Commitment to the Mine Ban Treaty
Mine Ban Treaty status
National implementation measures
Legislation introduced in Senate in August 2008
The Republic of Palau acceded to the Mine Ban Treaty on 18 November 2007, becoming a State Party on 1 May 2008.
Draft implementing legislation—the Anti-Personnel Mine Prohibition Act of 2008 (SB No. 7-270)—was introduced into the Senate on 20 August 2008 by Senator Caleb Otto. After passing its first reading, the bill was referred to the Senate Committee on Judiciary and Governmental Affairs, where it is apparently still under consideration.
Palau submitted an initial Mine Ban Treaty Article 7 report in 2008, and updated reports in December 2009 and 2011 (for 2010).
Palau participated in the Tenth Meeting of States Parties to the Mine Ban Treaty in Geneva in November–December 2010, where it expressed appreciation for the support it has received from the Mine Ban Treaty’s Implementation Support Unit. Palau did not attend the intersessional Standing Committee meetings held in Geneva in June 2011.
In its Article 7 report covering the calendar year 2010, Palau said that it supports universalization of the Mine Ban Treaty in the Pacific region and participated in a Pacific Island Forum unexploded ordnance scoping mission to assess and recommend actions on unexploded war remnants.
In its initial Article 7 report, Palau stated that it does not possess antipersonnel mine stockpiles, has never produced the weapon, and has no mined areas. Palau has said on several occasions that it does not produce or stockpile antipersonnel mines.
A United States (US) Department of State cable made public by Wikileaks in August 2011 provides US views on Palau’s interpretation of the Mine Ban Treaty. According to the September 2009 cable from Secretary of State Hillary Clinton, Palau ratified the Mine Ban Treaty “after a long series of consultations with the United States” and after the government of Palau had reportedly “determined that the Ottawa Convention did not conflict with the Compact of Free Association because the GOP [government of Palau] would not be in control of any area in which the United States might use landmines in the defense of Palau under the terms of the Compact.” Also, according to the US, Palau “stated that it would not enact its implementing legislation extraterritorially and therefore it would not apply to Palauan citizens serving in the U.S. armed forces.”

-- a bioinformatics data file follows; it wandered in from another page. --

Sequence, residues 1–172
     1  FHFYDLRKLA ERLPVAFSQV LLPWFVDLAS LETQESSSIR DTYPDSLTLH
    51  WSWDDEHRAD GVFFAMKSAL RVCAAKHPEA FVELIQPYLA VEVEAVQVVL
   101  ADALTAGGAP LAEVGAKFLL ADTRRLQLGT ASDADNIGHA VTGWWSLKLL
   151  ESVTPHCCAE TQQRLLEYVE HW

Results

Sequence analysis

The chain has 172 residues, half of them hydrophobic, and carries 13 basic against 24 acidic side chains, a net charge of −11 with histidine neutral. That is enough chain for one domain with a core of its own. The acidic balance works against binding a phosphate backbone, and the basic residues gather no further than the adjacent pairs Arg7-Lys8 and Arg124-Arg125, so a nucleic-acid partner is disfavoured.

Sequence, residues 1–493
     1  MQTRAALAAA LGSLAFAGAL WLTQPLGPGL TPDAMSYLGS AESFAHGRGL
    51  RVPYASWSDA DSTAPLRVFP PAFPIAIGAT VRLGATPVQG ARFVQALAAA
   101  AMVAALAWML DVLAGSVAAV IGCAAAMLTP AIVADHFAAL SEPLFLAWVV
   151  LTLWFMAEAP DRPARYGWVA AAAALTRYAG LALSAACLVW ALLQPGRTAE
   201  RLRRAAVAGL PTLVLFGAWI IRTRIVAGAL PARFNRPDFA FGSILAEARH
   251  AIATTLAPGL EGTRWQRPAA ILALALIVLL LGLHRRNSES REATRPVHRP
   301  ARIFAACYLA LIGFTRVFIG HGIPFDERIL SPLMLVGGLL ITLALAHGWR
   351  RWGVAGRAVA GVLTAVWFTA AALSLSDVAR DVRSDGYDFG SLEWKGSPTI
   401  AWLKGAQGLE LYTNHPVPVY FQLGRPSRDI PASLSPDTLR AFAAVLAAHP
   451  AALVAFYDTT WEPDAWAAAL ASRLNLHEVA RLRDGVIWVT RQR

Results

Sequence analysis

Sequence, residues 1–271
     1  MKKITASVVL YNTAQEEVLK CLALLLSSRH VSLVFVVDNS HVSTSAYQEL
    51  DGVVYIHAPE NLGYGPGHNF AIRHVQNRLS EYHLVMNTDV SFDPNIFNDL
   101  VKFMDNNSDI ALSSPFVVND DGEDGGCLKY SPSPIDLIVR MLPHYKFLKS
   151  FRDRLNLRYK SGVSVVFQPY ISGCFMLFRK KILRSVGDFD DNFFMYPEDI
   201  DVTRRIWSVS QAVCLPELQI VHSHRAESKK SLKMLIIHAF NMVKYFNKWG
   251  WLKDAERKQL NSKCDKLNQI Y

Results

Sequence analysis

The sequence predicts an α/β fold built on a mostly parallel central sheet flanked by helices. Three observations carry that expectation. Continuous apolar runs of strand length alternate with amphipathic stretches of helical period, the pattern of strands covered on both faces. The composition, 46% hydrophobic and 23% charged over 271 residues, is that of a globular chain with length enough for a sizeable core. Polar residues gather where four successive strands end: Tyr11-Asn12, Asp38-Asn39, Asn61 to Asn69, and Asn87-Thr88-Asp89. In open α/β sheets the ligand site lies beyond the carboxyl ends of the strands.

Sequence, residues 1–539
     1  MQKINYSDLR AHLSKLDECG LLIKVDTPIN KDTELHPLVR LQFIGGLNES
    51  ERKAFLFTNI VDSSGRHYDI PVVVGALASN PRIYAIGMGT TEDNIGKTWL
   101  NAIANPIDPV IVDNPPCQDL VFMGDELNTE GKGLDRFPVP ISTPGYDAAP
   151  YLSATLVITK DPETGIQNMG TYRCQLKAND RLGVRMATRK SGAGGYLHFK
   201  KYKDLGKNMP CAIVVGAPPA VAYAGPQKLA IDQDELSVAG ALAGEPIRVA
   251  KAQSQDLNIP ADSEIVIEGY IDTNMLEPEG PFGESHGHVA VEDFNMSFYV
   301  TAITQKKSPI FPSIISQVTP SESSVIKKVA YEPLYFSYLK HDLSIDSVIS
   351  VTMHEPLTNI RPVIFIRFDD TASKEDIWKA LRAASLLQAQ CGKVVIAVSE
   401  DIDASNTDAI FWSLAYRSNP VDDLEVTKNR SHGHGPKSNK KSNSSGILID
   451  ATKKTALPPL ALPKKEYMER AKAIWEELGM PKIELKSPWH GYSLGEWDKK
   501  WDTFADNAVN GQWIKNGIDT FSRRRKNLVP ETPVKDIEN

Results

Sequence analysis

Palau is not party to the Convention on Conventional Weapons.
In its Article 7 report for 2010, Palau for the first time listed areas where Japanese antipersonnel and antivehicle mines dating from World War II have been cleared. It stated that “No known or suspected AP Landmines [antipersonnel mines] emplacements exist, although as mentioned above the AP Landmines are sometimes encountered in the cave systems and are remains of Japanese stockpiles from World War 2.”
 Mine Ban Treaty Article 7 Report (for the period 1 May 2008 to 15 September 2008), Form A.
 Statement of Palau, Tenth Meeting of States Parties, Mine Ban Treaty, Geneva, 3 December 2010. Notes by Action on Armed Violence.
 Mine Ban Treaty Article 7 Report (for the period January 2010 to December 2010), Form J.
 Mine Ban Tretay Article 7 Report (for the period 1 May 2008 to 15 September 2008), Forms B, C, and E.
 See for example, statement of Palau, Eighth Meeting of States Parties, Mine Ban Treaty, Dead Sea, 18 November 2007; and statement of Palau, Standing Committee on the General Status and Operation of the Convention, Mine Ban Treaty, Geneva, 23 April 2007.
 “Concerns on Marshall Islands Ratification of the Ottawa Convention,” US Department of State cable 09STATE91952 dated 3 September 2009, released by Wikileaks on 26 August 2011, www.cablegatesearch.net.
 Mine Ban Treaty Article 7 Report (for the period January 2010 to December 2010), Form A.
 Mine Ban Treaty Article 7 Report (for the period January 2010 to December 2010), Form I.